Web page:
When the cherry blossoms bloom in spring we all know winter is coming to an end. Watching cherry blossoms or cherry blossom petals falling from trees is a personal favorite motif that I love seeing in anime. To me, these small pink flowers are magical and special in their own way. Cherry blossom trees in Japan are more than just a beautiful tree, they are a magnificent sight to behold, especially when in full riotous bloom.
If you didn’t know there are several varieties of cherry blossom trees. Most of these trees produce flowering branches full of small pinkish-hued flowers, but some of them also produce actual cherries. The most common type of cherry trees are the Somei Yoshino (Yoshino Cherry), the Yamazakura, and the Shidarezakura (Weeping Cherry). Early flowering cherry trees include Kanzakura, Kawazuzakura, and Kanhizakura. Late flowering cherry trees are the Ichiyo, Ukon, Kanzan, Fugenzo, Shogetsu, Kikuzakura (Chrysanthemum Cherry), and Jugatsuzakura (Autumn Cherry). While the light pink to white color is standard in the cherry blossom realm, other colors you may see are dark pink, yellow or even green blossoms. These colors may even change while the flowers are in bloom. An example of this would be if a white flower opened up as white but changes to pink over the course of a few days.
Most cherry blossom trees bloom in the spring time, with blooming periods about two to four weeks after most five-petaled species. Extreme varieties bloom in late autumn and during the winter months. When these majestic trees bloom in Japan people come in large groups with their families and friends to view the flowers and to enjoy festivals that have food, drinks, and music. This cherry blossom viewing party is called “Hanami.” Basically everyone takes time to view/enjoy the transient beauty of flowers.
But cherry blossoms aren’t just pretty flowers to gaze at, there is a much deeper meaning behind these blush colored perennials. The significance of these trees in Japan goes back hundreds of years. While cherry blossoms also hold an elevated status in China (in which they signify love and the female mystique of beauty, strength, and sexuality), no one in the world can compare to how cherished this elusive flower is in Japan. The cherry blossom holds regal status in Japanese paintings, films, and poetry. You may stop and ask yourself, “why does a small fragile flower hold so much siginificance in Japan?” I’ll give you one simple clue. Human existence.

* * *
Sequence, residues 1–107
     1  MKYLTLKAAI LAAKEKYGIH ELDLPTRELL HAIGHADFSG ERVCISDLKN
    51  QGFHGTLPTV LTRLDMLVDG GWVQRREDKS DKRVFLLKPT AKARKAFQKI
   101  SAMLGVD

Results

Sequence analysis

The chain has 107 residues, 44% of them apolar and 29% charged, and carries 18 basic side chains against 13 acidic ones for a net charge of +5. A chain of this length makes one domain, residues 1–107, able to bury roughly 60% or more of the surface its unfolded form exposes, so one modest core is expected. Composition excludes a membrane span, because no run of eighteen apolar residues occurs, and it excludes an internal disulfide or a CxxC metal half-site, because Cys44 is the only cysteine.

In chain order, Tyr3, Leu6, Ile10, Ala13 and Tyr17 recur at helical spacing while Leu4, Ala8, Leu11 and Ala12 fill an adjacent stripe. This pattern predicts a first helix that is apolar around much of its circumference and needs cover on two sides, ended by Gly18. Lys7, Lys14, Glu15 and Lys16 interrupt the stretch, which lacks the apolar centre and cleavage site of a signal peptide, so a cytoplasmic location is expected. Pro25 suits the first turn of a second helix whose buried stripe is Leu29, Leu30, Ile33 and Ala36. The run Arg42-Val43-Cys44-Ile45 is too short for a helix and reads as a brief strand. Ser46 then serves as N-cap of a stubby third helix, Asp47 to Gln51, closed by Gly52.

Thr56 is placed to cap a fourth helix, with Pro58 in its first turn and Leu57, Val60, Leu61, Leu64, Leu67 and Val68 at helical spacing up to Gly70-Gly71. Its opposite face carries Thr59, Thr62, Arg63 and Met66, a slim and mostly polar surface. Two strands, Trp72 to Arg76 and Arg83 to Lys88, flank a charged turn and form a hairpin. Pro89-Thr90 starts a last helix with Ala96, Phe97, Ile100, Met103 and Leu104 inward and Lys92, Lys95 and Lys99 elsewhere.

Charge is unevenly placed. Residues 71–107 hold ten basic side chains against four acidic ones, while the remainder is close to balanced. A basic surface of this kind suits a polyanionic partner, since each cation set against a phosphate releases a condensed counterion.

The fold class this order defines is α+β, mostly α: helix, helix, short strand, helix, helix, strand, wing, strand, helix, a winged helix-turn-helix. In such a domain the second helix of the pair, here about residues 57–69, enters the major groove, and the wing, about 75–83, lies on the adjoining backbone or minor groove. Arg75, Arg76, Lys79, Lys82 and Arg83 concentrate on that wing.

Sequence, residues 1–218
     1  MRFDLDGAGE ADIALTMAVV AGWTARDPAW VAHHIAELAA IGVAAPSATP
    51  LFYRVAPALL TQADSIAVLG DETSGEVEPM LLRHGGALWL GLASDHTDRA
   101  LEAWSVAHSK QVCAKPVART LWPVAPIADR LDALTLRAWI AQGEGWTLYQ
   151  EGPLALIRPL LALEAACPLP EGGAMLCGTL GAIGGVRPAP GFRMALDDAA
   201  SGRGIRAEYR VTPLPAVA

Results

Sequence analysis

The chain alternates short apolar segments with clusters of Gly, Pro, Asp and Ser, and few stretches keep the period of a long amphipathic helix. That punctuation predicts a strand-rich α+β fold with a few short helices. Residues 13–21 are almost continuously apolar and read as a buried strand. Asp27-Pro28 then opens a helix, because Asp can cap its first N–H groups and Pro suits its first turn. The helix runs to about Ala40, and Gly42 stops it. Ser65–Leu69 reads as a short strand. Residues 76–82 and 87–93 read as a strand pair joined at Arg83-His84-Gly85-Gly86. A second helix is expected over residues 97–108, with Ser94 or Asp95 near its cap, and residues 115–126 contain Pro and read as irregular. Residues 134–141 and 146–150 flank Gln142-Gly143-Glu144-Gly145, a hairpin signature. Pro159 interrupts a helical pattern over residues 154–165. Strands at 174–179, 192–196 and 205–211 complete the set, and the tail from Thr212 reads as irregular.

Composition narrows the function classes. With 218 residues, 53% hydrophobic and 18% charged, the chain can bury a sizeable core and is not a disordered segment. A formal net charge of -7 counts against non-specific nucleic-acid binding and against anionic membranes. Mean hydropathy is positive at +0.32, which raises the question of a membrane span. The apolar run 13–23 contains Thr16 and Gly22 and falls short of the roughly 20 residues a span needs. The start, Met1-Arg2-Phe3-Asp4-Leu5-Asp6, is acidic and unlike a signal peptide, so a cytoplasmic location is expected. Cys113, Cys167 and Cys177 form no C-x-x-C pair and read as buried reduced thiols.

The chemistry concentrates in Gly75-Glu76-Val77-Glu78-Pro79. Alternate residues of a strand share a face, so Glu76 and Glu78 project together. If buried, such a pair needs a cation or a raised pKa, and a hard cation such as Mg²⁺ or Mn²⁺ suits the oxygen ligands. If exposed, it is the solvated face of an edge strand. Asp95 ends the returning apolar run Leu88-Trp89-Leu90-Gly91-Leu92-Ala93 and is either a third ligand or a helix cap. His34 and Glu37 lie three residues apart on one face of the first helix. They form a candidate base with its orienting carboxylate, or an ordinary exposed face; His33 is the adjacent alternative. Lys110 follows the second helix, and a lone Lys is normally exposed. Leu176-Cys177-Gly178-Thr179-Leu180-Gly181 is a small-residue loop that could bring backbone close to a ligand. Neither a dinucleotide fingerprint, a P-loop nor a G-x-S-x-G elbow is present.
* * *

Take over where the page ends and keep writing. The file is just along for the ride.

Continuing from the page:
You see, Japanese cherry blossoms are a metaphor for human existence. These flowers also tie into the Buddhist themes of mortality, mindfulness, and living in the present. When the cherry blossoms bloom for a short period of time it is a reminder to the people viewing them that blooming season is glorious, powerful, and intoxicating, but tragically short-lived – a visual reminder that our lives on this planet are also fleeting. Cherry blossoms also represent fragility and the beauty of life itself. Life is not only precious, but oddly precarious at the same time. So why don’t humans marvel at their own life/passing of time with the same passion they do while viewing cherry blossoms? Why do we neglect the fact that our lives can end at any moment? Why do we miss the chance to revel in our own happiness and enjoy our lives just a little bit more? I think that is what the cherry blossoms are trying to teach us; that we need to slow down, stop, and pay attention to the world around us.
Over on Not Without My Passport they give a history lesson on cherry blossom symbolism. They state: “In Japanese culture, sakura as the embodiment of beauty and mortality can be traced back centuries. No one in history personified this metaphor more than the samurai, the warriors of feudal Japan who lived by bushido (“the way of the warrior”) — a strict moral code of respect, honor and discipline. It was their duty to not only exemplify and preserve these virtues in life, but to appreciate the inevitability of death without fearing it — in battle, it came all too soon for the samurai. A fallen cherry blossom or petal, it’s believed, symbolized the end of their short lives.
During World War II, cherry blossoms took on a similar meaning for Japanese pilots who painted their kamikaze warplanes with the flower imagery before embarking on suicide missions to “die like beautiful falling cherry petals for the emperor.”
Just like my previous post about the symbolism of water in anime, I find the meaning behind cherry blossoms completely fascinating. I also realized this post would have been better in the spring time but I wanted to write about it while it was in my thoughts. I love the fact that cherry blossoms, water, and whatever else you can think up can have a multitude of meanings depending on the culture or person. Cherry blossoms are something that brings everyone together for a single moment of bliss in our overly complicated and busy lives. That is something I can get behind. Remember to stop and appreciate the beauty of nature from time to time. As Jesse Eisenberg says in the movie Zombieland, “Rule #32: Enjoy the little things.”
Header image found at: https://www.zerochan.net/2106459. Disclaimer: All imagery and photos come from searching for them on the internet. I have no claim or right to them. If I find any links I will always post them (this usually entails fan art or any other work affiliated with an artist).